2015 Year End Review

Happy New Year! I hope you have had some good experiences and taken some good photos this year that make you happy. Here is my year end recap.

2015 was definitely the year of the Fuji switch for me. After shooting Canon for many years and getting tired of lugging around large, heavy equipment, it was time for something better and smaller.

Fuji X-T1

My first impressions of the Fuji X-T1 were made on vacation to the Grand Canyon, and it didn’t disappoint. Follow-up impressions after several months were just as good, and with the right accessories like a faster SD card, the right hand grip and camera strap, the X-T1 settled into the workhorse that I anticipated it would be.

Fuji X-T1 Blue Angels

The “kit” 18-55mm and consumer grade XC 50-230mm were much sharper than anything out of my Canon equipment including the Canon 70-200mm f/4 L IS. This was reaffirmed test after test. The XC 50-230mm was definitely appreciated at outdoor, moon photography and mostly well lit indoor events (orchestra, play, church), but was just a little too dark when indoor lighting is poor (looks like a little investing is in order).

Fuji X-T1 electronic shutter

Straight out of the camera JPEGs were all they were cracked up to be. I only shot JPEG+RAW in case I want to change the film simulation or tweak an exposure adjustment after the fact. High ISO performance was impressive for a crop-factor sensor. Background sensor noise was nearly non-existent compared to Canon. The added “electronic shutter” option in firmware 4.0 (released in June) worked wonderfully (completely silent) and was much appreciated at orchestra and plays, but it was important to test your lighting in case the artificial lighting would cause banding.

I also experimented with Canon to Fuji and Nikon to Fuji lens adapters and found that the old Nikon lenses were easier to get into focus. This might apply to older Canon lenses, too, but I only had old Nikon lenses. And, although manual focusing is fun with a Fuji, the so-so results from non-Fuji lenses limits the results to artsy black and white photography for me. The Fuji lenses (and the coordinated processing in the Fuji bodies) just give better results (surprise! surprise!).

Fuji X-T1 Thumbrest by Lensmate

And finally, I tried out some accessories that I thought would help. I initially loved the Lensmate Thumbrest but ended up preferring to go without it once I got a Fuji MHG-XT Large hand grip. A generic battery grip (after some modification) turned out to be very good for portrait orientation photography, but (for me), was not helpful in daily use.

There are still issues that bug me about the Fuji equipment like the focusing issue of the XC 50-230mm at full zoom which seems to be related to macro mode (auto macro mode on the X-T1 fw 4.0). I wish banding didn’t occur so often in in-camera panoramas which occurs even if you don’t increase the shutter speed manually (this isn’t too often, but is worse in sunsets and sunrises).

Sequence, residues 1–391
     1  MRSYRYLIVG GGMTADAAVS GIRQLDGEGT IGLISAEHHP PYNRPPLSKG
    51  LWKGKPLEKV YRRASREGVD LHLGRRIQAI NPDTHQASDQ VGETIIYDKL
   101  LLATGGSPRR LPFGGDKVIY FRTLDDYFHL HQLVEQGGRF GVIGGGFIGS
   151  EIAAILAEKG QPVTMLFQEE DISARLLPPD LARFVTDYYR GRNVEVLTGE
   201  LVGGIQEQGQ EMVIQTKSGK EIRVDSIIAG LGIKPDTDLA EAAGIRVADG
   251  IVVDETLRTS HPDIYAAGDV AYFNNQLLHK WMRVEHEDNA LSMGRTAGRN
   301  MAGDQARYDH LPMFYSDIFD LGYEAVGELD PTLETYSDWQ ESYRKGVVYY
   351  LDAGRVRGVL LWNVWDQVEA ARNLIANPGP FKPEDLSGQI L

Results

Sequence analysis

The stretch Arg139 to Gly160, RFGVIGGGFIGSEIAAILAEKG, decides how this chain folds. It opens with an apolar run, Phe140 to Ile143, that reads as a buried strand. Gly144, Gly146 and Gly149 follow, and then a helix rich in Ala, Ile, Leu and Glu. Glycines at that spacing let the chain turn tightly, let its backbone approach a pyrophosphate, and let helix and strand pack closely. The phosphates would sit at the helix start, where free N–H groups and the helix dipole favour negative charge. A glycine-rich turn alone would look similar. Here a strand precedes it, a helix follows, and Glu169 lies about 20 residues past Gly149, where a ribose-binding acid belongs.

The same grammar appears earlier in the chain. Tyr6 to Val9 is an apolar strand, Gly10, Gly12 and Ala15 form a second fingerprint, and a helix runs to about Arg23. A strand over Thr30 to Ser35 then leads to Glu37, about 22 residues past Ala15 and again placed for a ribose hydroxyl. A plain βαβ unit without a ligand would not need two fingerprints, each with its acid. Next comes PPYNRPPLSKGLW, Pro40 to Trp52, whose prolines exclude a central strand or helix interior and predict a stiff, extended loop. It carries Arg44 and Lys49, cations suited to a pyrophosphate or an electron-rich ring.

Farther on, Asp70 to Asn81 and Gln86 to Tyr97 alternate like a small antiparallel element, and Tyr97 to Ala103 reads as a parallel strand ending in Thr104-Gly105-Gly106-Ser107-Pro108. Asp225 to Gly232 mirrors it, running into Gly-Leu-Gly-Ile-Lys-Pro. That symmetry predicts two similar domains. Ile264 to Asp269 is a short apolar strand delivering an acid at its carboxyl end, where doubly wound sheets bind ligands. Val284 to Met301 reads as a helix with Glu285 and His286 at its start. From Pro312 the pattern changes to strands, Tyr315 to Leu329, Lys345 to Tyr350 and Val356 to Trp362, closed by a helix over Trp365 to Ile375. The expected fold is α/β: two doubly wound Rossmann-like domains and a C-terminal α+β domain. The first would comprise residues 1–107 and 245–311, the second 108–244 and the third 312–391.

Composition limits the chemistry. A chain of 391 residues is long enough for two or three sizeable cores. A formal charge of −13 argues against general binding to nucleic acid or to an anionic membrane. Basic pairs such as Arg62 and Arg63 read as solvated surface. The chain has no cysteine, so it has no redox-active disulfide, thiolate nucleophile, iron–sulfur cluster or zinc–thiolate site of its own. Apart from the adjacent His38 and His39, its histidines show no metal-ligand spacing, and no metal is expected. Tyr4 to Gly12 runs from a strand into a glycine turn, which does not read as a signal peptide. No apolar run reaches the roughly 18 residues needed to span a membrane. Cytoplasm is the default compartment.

I also found that my Canon 7D + 70-200mm f/4L IS is still a better sports camera due to it being easier to use in those situations. The Fuji X-T1 can take great soccer and cross country pictures that are at par or sharper than the Canon 7D, but the Canon equipment is just much easier for sports.

On the experimental side, I converted stereoscopic prints and stereoscopic slides, as well as doing a detailed slide/negative copier comparison (among dozens of other tests and experiments not worth blogging about).

And last, but not least, I started this blog to learn how to blog about photography, give important advice, hopefully help some people get more educated about sling straps and camera bags and to press myself to take more interesting product shots.

What do I have to look forward to in 2016? 

  • Spring soccer is coming up for my younger daughter.
  • Girl Scout bridging and award ceremony.
  • I might share more/larger sizes of my photos on Flickr (free WordPress storage is pretty limited) especially so pixelpeeper.com users can see more examples.

Equipment

  • Priority 1 — The X-T1 needs a back up singer.
  • Priority 2 — If all goes well, by the end of the year, I hope to get an XF 50-140mm for low light event photography. The XF 10-24, which is a lens for my own joy, will have to wait.
  • Cheap and interesting — I’m considering getting a reversing ring to turn my old Nikon 50mm into a crazy macro lens (with weird focus effects). I remember doing this in high school with duct tape and getting interesting results.
  • Continuing to cut the DSLR cord — I may get a Canon 600EX-RT to get “legacy” auto flash exposure on my Fuji bodies (with a quiet Canon flash) to give my Fuji’s more options at events.
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